Atlanta, Ga. (June 17, 2014) – Susan Honea didn’t think she’d live to see her 40th birthday. Having struggled for over 10 years with an autoimmune disease that left her waiting for a liver transplant at Piedmont Atlanta Hospital, Honea was preparing for the worst when she got the call that would change her life.
“Two months ago, I was planning my funeral,” said Honea. “Now, I’m planning the rest of my life.”
Diagnosed at age 29 with primary biliary cirrhosis, an autoimmune disease that slowly destroys the bile ducts in the liver, Honea was told by her doctors that she would likely need a liver transplant in 10 years despite the fact she experienced no symptoms leading up to her diagnosis.
“We don’t know what causes primary biliary cirrhosis as there are multiple factors involved in the development of this disease,” said Devina Bhasin, M.D., Piedmont Transplant. “If Susan hadn’t tried to give blood to the American Red Cross that day, she wouldn’t have found out her liver enzyme levels were abnormal and sought out medical care that would prolong her need for a liver transplant.”
Women account for approximately 90 percent of primary biliary cirrhosis cases, according to the American Liver Foundation. It is commonly diagnosed in people ages 35 to 60. Symptoms include fatigue, itchy skin, pain in the upper right portion of the abdomen, yellowing of the skin and eyes, darkening of the skin that is not related to sun exposure and more. With every year the disease progresses, patients become at greater risk for developing serious complications. Honea experienced a number of them.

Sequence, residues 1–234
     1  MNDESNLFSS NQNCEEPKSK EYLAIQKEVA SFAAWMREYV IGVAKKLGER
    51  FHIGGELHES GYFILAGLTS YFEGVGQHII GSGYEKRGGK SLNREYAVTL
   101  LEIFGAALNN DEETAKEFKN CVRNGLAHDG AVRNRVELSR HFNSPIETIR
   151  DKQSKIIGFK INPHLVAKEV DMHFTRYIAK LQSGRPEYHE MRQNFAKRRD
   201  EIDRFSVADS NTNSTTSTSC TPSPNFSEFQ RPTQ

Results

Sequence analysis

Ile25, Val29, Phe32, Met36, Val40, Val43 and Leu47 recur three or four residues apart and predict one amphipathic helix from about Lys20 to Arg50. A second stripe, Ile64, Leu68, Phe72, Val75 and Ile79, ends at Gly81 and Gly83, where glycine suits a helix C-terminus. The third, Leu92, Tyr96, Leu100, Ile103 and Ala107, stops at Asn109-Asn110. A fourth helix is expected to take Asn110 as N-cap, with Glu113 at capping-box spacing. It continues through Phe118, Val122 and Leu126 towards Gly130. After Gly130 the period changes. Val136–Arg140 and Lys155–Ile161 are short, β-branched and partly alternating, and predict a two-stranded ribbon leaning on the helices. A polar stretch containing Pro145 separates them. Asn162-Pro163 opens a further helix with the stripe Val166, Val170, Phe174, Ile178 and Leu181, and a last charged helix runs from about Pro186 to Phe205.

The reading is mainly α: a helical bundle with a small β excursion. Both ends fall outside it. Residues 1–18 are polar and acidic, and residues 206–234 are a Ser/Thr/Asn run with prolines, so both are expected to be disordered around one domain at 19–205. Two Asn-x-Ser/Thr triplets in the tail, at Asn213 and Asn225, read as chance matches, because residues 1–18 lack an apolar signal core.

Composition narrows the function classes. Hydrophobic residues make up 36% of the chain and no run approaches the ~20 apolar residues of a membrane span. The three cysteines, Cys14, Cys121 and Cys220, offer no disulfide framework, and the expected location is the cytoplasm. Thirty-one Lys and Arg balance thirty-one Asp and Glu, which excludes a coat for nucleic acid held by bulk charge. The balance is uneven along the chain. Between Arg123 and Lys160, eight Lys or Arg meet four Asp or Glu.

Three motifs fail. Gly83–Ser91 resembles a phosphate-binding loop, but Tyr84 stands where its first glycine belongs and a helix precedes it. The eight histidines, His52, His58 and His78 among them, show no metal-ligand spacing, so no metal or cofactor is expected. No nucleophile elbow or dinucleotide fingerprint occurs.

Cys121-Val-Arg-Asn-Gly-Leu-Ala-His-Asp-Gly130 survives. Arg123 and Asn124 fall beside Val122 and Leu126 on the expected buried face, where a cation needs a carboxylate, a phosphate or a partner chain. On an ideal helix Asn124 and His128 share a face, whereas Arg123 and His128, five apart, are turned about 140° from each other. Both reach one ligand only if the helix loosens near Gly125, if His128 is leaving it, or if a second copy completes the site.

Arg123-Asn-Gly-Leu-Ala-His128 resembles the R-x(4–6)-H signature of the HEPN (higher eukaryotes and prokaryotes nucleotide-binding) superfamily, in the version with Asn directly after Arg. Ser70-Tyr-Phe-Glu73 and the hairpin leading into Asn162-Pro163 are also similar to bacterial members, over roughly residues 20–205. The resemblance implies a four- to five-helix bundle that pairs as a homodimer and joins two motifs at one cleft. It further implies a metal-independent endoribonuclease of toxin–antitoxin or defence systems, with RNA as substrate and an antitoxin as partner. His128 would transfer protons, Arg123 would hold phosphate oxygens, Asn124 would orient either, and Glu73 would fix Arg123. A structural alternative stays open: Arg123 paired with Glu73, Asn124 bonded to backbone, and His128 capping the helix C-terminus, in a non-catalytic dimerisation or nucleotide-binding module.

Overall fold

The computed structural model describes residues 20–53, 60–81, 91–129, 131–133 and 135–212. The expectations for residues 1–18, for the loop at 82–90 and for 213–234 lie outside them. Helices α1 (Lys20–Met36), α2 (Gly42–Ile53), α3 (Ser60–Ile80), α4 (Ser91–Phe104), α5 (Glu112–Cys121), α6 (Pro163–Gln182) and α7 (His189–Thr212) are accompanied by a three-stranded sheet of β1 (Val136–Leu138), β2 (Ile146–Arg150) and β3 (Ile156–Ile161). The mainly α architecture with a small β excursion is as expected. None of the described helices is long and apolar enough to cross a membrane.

“You really are trying to buy time and patch the side effects until a donor liver comes in,” said Honea. “Some of the procedures I underwent to keep my body going while I was waiting for a transplant could have caused my liver to fail all together and if that happened, there was no dialysis for that sort of thing. It was a gamble I had to take.”
Honea’s transplant journey was filled with ups and downs. She underwent countless treatments and procedures until finally, she got the call she had been waiting for just a month or so before her 40th birthday.
“When they call you, you think you’ll jump up and down, and scream for joy,” said Honea, who was on the liver transplant waiting list for one year and two days before getting a transplant. “But I just cried.”
Currently, there are 234 Georgians waiting for a liver transplant, according to the U.S. Department of Health & Human Services. Honea’s own experience on the waiting list left her with a deeper appreciation and understanding of what it means to be an organ donor.
“Years ago, they gave you a discount on your license,” said Honea. “That’s how I became a donor. I didn’t give it another thought. My mom really changed my mind on the issue. She always said, ‘Let them take anything they need – organs, skin, anything – if it helps someone to live.’ I just did it for a cheaper license. I didn’t realize at the time what it meant for other people even though I was a donor.”
To learn more about becoming an organ donor, visit donatelifegeorgia.org.